I recently read an article entitled: ‘Frugal Innovation: Lessons from Carlos Ghosn, CEO, Renault-Nissan’ published in the Harvard Business Review. The authors, Navi Radjou, Jaideep Prabhu and Simone Ahuja, discuss the ever changing business environment and the effect emerging markets and their leaders are having on the automotive industry.
It led me to think about the effect, if any, this has on Britain and our perceived position as a world leader. When one takes a look around London these days everybody seems to own a Bentley or a G-wiz! There seems no longer to be a middle ground. Are we faced with the reality that we are going back to a divide between rich and poor or are we just longing for something comforting, reliable and not overtly ostentatious? Do we reach for the shelves to grab Saxo Salt and Bisto gravy to remind us of a better day, or is it simply because we can’t afford anything else!
With the Chinese becoming the major investor in Electric cars and the possibility of over ½ million electric taxi cars by 2015, is the future moving away from Britain as a leading nation or am I being naïve and has that ship sailed a long time ago? It sometimes feels as if it has, and that we are solitary as an island in our own enthusiasm for greatness.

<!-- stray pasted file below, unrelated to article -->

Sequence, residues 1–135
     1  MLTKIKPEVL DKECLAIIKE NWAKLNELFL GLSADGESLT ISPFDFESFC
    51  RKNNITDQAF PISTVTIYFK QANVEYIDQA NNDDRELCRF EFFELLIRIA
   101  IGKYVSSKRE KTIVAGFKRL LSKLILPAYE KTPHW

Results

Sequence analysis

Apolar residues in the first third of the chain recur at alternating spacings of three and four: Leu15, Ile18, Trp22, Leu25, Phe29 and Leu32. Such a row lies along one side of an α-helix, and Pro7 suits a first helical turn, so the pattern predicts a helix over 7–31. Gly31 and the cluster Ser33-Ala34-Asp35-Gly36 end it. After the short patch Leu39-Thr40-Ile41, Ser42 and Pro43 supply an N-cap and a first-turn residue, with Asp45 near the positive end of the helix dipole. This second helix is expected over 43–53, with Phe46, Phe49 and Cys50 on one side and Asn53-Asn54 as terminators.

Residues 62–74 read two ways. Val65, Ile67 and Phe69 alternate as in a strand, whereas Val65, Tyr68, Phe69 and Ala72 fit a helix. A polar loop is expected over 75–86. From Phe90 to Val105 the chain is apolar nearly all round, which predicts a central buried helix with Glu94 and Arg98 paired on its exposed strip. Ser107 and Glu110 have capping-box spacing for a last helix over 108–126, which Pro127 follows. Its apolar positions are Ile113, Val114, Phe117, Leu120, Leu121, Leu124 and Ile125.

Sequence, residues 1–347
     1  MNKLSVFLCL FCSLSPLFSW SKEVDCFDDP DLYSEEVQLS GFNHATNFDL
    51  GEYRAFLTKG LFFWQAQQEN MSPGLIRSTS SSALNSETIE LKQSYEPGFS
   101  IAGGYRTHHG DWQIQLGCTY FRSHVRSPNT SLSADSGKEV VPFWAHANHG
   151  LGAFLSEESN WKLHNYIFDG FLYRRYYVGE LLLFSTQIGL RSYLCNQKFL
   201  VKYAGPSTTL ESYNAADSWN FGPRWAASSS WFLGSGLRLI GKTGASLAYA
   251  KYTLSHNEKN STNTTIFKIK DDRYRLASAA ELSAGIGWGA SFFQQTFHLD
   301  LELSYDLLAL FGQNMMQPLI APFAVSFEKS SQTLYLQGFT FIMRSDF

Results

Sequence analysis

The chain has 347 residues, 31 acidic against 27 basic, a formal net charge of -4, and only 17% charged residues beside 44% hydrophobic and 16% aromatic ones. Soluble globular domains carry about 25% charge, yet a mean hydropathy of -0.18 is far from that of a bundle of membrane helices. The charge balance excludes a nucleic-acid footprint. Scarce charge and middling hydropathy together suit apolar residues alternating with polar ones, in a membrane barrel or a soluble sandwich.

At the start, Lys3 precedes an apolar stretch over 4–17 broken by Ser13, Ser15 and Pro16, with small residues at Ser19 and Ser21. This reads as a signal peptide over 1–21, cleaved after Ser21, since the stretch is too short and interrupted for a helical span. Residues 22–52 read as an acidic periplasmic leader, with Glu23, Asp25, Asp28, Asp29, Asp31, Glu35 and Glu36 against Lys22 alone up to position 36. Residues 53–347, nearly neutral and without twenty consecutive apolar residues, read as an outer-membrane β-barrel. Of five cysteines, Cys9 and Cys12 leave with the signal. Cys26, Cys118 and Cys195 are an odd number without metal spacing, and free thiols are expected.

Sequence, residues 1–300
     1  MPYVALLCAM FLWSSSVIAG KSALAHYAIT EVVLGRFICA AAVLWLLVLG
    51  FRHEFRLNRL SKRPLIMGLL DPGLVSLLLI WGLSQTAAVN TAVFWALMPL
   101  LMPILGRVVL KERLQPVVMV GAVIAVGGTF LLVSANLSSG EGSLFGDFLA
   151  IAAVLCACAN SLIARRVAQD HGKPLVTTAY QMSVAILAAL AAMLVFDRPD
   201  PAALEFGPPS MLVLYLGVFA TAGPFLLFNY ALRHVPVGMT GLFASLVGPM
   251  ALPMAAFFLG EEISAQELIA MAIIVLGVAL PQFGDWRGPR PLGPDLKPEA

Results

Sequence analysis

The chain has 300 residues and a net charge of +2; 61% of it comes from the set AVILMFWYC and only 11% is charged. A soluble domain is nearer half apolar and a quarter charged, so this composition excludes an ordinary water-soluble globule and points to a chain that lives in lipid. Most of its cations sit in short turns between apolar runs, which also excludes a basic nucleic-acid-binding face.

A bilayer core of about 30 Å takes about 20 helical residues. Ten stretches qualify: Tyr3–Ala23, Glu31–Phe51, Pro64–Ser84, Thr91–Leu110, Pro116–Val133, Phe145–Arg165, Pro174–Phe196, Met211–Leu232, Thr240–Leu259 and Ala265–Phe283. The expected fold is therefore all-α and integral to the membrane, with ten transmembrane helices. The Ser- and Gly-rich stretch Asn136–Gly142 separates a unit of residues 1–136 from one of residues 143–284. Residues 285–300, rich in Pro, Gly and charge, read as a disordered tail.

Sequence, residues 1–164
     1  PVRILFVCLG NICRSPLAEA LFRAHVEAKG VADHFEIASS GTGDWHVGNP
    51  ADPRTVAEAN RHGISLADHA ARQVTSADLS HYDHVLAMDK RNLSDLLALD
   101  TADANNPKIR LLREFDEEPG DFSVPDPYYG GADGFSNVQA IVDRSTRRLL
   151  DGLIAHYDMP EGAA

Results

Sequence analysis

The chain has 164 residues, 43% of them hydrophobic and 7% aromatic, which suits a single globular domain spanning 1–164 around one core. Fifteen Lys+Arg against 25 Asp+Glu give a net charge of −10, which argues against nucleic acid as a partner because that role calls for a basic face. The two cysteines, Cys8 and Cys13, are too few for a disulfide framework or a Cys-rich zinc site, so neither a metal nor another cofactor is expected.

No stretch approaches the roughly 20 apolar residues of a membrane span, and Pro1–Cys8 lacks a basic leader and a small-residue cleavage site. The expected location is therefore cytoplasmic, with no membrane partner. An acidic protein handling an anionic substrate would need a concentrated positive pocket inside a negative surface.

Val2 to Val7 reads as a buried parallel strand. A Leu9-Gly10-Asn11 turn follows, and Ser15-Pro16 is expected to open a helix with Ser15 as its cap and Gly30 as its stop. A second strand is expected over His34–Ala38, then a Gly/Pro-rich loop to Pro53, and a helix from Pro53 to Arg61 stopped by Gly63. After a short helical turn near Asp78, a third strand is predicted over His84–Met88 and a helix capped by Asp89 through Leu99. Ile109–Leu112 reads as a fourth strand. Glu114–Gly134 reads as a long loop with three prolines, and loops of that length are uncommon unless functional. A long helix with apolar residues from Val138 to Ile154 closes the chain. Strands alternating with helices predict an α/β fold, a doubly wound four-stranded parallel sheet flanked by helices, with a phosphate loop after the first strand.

As emerging markets strive for a majority middle class status, what are we striving for other than peace on earth and goodwill to all men and what good has our majority middle class status brought us other than being squeezed in times of austerity! Will the United Kingdom be, at best, a place for research and development and high quality, over engineered goods? This may not be such a bad thing with the BRICs looking to acquire brand and reputation wherever they can; the acquisition of SAAB by the not so Swedish ‘National Electric Vehicle Sweden AB’ is the most recent and obvious example. They will be looking to Europe and possibly the United Kingdom for direction and to add credence to their omnipotent manufacturing industry. Manufacturing is important, but remaining at the forefront of design and technology also has its place. With production on the increase and Jaguar Land Rover enjoying a fantastic resurgence (under Indian firm Tata Motors) maybe we need to be realistic about our place within manufacturing and the world. Dr Karl Kohler, Head of Tata Steel in Europe, told the BBC on Thursday ‘there is a desperate need for a growth strategy in the UK, to deal with problems in the industry’. What exactly are we doing about this and is our stiff upper lip blinding our vision of common sense? Rather than try to be what we once were, or what we hoped to be, instead why don’t we try to concentrate on what we have the capabilities to become!